NBA Playoffs 2019: Why Portland must regroup defensively against the Warriors
The Portland Trail Blazers gave it everything they had to get to the Western Conference Finals. Overcoming the scarring sweep that the New Orleans Pelicans inflicted upon them last season, this year's Blazers have proven that they can hang with some of the best teams that the West can throw at them.
They have come a long way from facing Russell Westbrook, Paul George, and the Thunder in the first round. In facing both the players, Portland had to make adjustments to its lineup and hope that Enes Kanter's defense in the pick-and-roll wouldn't let them down. For the most part, it didn't.
Then came Nikola Jokic and the Nuggets. Second-seeded Denver had just come off a Game 7 win over San Antonio and was an inexperienced squad with fatigue. This was the Trail Blazers' chance to make the conference finals and they sensed it. Although it was anything but a straightforward series win, the Trail Blazers and their back up center managed to make the Conference Finals.
Had Jusuf Nurkic not been injured, Kanter might only have seen the floor as an offensive player from the bench. He might not even have the first big off the bench, that would have been Zach Collins. However, since Nurkic got injured, Kanter has been Rip City's starting center and it's been quite a ride.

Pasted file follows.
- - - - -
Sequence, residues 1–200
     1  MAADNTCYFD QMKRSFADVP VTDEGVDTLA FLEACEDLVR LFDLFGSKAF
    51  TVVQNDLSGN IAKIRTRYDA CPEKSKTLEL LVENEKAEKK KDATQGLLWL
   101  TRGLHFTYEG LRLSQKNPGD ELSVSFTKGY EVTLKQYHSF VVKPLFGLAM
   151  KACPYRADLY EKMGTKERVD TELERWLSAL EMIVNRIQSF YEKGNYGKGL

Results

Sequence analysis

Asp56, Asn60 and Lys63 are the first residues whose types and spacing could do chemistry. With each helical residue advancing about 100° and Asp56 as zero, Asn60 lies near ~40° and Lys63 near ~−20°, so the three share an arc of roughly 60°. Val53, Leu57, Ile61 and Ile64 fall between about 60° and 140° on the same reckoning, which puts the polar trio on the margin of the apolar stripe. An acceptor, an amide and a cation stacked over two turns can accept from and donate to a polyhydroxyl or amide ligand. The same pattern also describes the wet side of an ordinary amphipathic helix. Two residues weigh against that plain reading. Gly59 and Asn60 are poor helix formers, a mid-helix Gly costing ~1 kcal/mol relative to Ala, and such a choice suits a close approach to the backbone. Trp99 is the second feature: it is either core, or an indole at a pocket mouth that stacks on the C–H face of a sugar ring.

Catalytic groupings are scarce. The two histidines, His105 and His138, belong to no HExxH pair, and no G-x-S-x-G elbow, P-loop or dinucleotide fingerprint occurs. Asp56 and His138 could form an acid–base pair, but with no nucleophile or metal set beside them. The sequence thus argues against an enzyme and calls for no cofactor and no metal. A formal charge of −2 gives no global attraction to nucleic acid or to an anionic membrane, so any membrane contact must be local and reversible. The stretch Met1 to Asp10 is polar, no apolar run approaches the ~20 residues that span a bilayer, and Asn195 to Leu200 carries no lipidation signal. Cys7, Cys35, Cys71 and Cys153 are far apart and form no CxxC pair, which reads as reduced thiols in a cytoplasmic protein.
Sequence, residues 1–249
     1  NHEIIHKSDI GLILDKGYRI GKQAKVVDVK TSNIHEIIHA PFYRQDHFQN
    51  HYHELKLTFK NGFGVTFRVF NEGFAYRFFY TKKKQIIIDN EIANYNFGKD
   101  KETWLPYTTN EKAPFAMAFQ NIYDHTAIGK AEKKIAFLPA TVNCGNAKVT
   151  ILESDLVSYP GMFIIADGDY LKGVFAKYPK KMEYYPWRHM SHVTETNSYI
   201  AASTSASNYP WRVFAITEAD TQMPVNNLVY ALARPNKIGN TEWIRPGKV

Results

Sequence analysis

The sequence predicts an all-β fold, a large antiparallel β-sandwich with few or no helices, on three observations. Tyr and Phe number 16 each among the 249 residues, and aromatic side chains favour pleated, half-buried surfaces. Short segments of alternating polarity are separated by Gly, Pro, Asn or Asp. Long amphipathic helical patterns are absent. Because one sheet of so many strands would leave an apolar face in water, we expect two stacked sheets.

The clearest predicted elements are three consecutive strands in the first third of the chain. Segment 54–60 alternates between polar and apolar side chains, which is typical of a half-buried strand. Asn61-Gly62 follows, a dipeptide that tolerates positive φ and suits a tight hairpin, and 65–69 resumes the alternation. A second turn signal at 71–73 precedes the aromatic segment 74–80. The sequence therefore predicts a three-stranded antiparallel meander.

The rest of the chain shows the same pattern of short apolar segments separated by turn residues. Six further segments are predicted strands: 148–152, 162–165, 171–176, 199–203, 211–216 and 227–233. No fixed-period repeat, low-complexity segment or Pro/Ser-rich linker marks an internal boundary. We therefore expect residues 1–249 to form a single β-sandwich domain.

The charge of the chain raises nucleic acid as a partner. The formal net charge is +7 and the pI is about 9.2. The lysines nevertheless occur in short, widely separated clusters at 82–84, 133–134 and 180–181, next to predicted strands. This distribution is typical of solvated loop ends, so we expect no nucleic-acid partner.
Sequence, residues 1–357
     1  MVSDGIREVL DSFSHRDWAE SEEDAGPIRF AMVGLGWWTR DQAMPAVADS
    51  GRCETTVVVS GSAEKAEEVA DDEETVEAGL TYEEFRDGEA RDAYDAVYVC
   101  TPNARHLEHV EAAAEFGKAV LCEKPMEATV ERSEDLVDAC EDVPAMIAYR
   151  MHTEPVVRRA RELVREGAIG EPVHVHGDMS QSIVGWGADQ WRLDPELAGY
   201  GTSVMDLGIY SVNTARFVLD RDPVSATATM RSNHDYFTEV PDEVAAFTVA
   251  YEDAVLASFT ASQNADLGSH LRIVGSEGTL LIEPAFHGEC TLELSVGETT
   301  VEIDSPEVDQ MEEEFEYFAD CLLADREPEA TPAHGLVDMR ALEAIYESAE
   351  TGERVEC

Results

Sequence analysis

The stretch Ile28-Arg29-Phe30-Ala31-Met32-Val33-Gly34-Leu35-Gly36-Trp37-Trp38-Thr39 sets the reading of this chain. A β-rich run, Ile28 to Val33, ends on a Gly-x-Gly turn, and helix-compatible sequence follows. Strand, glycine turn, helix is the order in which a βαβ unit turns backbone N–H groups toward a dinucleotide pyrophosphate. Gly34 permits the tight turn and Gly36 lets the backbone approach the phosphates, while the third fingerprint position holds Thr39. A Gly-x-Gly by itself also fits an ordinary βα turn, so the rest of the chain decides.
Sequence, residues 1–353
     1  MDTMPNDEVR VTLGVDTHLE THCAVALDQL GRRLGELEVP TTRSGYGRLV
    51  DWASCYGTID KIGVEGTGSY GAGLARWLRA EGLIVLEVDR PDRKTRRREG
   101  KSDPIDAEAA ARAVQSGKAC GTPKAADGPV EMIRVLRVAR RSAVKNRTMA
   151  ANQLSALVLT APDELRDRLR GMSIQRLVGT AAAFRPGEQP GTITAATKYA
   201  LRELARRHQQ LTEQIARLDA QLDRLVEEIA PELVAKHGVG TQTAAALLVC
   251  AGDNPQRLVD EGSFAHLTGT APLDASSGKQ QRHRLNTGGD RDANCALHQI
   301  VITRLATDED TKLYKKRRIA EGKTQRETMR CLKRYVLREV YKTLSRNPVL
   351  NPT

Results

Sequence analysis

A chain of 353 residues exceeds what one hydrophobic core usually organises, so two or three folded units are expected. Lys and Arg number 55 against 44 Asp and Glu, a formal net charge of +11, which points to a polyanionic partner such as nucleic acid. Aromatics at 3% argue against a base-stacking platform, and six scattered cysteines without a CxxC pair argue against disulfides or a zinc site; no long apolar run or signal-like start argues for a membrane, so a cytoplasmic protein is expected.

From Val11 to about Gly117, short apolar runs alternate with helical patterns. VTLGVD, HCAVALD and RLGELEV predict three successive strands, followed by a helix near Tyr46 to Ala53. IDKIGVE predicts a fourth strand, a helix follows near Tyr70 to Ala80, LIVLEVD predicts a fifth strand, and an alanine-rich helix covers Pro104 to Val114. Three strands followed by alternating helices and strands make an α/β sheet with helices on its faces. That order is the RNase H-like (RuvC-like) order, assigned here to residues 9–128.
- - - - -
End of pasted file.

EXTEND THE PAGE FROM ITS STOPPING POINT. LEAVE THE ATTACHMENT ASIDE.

In all fairness, this is not a knock on Kanter's ability. The former Thunder big has come a long from being Steven Adams' backup in Oklahoma City and his new-found defensive nous has helped Portland keep opposing centers in check. That and his activity on the offensive board have been key in Portland's progression.
However, that's where the positives end. Against the Warriors in game 1, Kanter's reluctance to trap on the pick-and-roll, something which he did successfully against Jamal Murray and the aforementioned Jokic, were exposed.
With Kevin Durant injured, the Warriors' go-to play was the Curry-Green or the Curry-Looney pick-and-roll. Kanter's reluctance to step up and outside the three-point line meant Curry had more than enough airspace to launch a three. The result? A playoff career high tying performance from beyond the three-point arc by the two-time MVP. See the correlation?
And that was just on Steph. The Warriors feasted on Portland's inability to guard the Splash Brothers beyond the three-point line and coming out of the pick-and-roll. Kanter and Portland, in general, were so afraid of giving Green that short roll that proved to be so deadly against the Rockets in game 6 that they let arguably the greatest shooter ever have more than enough airspace to launch at will.
Granted, Steph was struggling from beyond the arc prior to game 1 of the Conference Finals. However, if you let him find his shot, that's the end of your chances in the game.
As mentioned before, the Trail Blazers gave everything they had to get to the finals in the West. It took one of the most iconic buzzer beaters in recent playoff history and an incredible performance in a Game 7 on the road to get them there.
However, if this is the best they have got defensively, it may not be good enough to get past the Warriors.